Diversity Is Strength Conversations: Asian Heritage Month
TORONTO – Victor Cui, the Edmonton Elks’ new president and CEO, is one of the most successful international sports executives in recent years and is no stranger to being in the public spotlight.
In 2010 Cui launched One Championship (MMA), which quickly became one of Asia’s largest sports media entities. Cui has also served as the senior director of event management for ESPN STAR Sports Singapore, additionally spending time serving as director of corporate communications for Golf Canada.
However, being in the public eye and being on a panel due to his ethnicity was a new and admittedly slightly uncomfortable experience for him.
“Today I think the conversation has changed a little bit where it’s not only about just getting together it’s about we suddenly have this platform to talk about it, where everyone else wants to listen, or has to listen or there’s a desire to listen and it’s moved up on the agenda. So, quite honestly, that is still something that’s a little bit uncomfortable for me,” Cui told Donnovan Bennett in CFL.ca’s latest Diversity is Strength Conversations episode.
“Even this panel is something that I feel a little bit uncomfortable with because I’ve never had the opportunity to speak on a platform based primarily first because of my ethnicity.”
While Cui does embrace his Filipino heritage, he holds an expansive view on the topic of diversity in sport and more specifically, diversity in football. For Cui the topic of diversity reaches far beyond the constructs of race or colour.
“The question is not to me about how do we just diversify and bring in different people of ethnicity. It’s How do we make this product something that appeals to what Canadians love and what a Canadian looks like. And that’s the product that we have to build because it’s not about attracting a younger white person or a younger Chinese person or a younger Japanese or Filipino. It’s about how are we attracting this younger Canadian? Because I can tell you my kids and that generation, the conversations that they start with isn’t about colour and race,” explained Cui.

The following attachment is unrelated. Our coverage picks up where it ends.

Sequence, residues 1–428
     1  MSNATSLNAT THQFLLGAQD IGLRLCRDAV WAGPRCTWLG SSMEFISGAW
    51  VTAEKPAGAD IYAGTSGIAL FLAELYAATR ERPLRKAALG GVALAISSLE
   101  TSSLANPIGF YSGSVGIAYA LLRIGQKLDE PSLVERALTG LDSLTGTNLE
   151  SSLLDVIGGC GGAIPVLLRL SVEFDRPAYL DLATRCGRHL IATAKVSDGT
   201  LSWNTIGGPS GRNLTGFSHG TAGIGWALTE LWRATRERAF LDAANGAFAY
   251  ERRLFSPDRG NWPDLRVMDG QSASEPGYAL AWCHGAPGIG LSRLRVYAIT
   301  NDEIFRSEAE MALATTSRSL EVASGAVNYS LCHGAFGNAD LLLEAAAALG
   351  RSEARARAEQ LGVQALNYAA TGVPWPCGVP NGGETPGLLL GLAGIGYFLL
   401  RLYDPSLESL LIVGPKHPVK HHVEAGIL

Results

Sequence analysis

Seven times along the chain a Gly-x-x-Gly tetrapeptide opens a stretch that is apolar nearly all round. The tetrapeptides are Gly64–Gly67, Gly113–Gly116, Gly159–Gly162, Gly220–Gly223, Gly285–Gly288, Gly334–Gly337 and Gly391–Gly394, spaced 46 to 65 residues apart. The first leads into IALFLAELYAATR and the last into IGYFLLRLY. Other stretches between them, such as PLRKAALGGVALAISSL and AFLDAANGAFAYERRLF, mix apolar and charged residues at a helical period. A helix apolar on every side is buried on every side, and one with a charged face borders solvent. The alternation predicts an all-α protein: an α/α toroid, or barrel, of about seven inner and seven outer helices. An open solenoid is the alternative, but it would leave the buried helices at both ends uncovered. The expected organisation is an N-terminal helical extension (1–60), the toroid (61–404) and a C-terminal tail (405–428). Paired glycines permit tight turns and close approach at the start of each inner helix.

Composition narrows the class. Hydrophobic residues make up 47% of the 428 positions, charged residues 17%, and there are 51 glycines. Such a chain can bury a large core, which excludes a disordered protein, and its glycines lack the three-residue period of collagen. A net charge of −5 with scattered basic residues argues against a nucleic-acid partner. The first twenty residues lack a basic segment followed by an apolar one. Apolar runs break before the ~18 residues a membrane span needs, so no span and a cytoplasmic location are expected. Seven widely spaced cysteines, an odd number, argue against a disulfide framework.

“They get it, and those conversations are there. They’re moving topics into way more sophisticated conversations than I had when I was a 12-year-old boy. They’re talking about gender issues, LGBTQ2+ issues, they’re talking about things that are in their mind that are beyond the colour of your skin. So, that’s where I’m excited about of where our league can go and the kind of changes that we can do. How are we building a product that reaches all new Canadians?”
Winnipeg Blue Bombers’ linebacker Les Maruo faced his own battles with discrimination, hearing all of the possible stereotypes as a young student-athlete growing up in Kansas.
“That kind of stuff always made me work harder, because I wanted to be normal. I didn’t want to have an accent, because Asian accents are always kind of made fun of very easily and I didn’t really like those stereotypes of Asians not being good at sports and they’re just good at math,” said Maruo. “So, I always wanted to break those stereotypes and I was wanting to be the strongest in a weight room, the fastest, so you know that stuff didn’t matter, and I can just fit in.”
The impact and longevity of Bryan Chiu in the CFL are undeniable. He had a 13-year career with the Montreal Alouettes, was a three-time Grey Cup champion, a seven-time CFL All-Star and was named 2002’s most outstanding offensive linemen. But Chiu’s most impactful football legacy may be in his current role as the head coach for his alma matter, Vancouver College.
“I’m coaching now, it’s providing for these youth an opportunity to just enjoy the game. For them to look at football as not necessarily a colour barrier, but it’s very inclusive,” said Chiu. “Our football team here at Vancouver College, I mean close to half of the players are Asian. So, it’s just I guess for them to be able to see me and see that if I can do it, they can do it too.”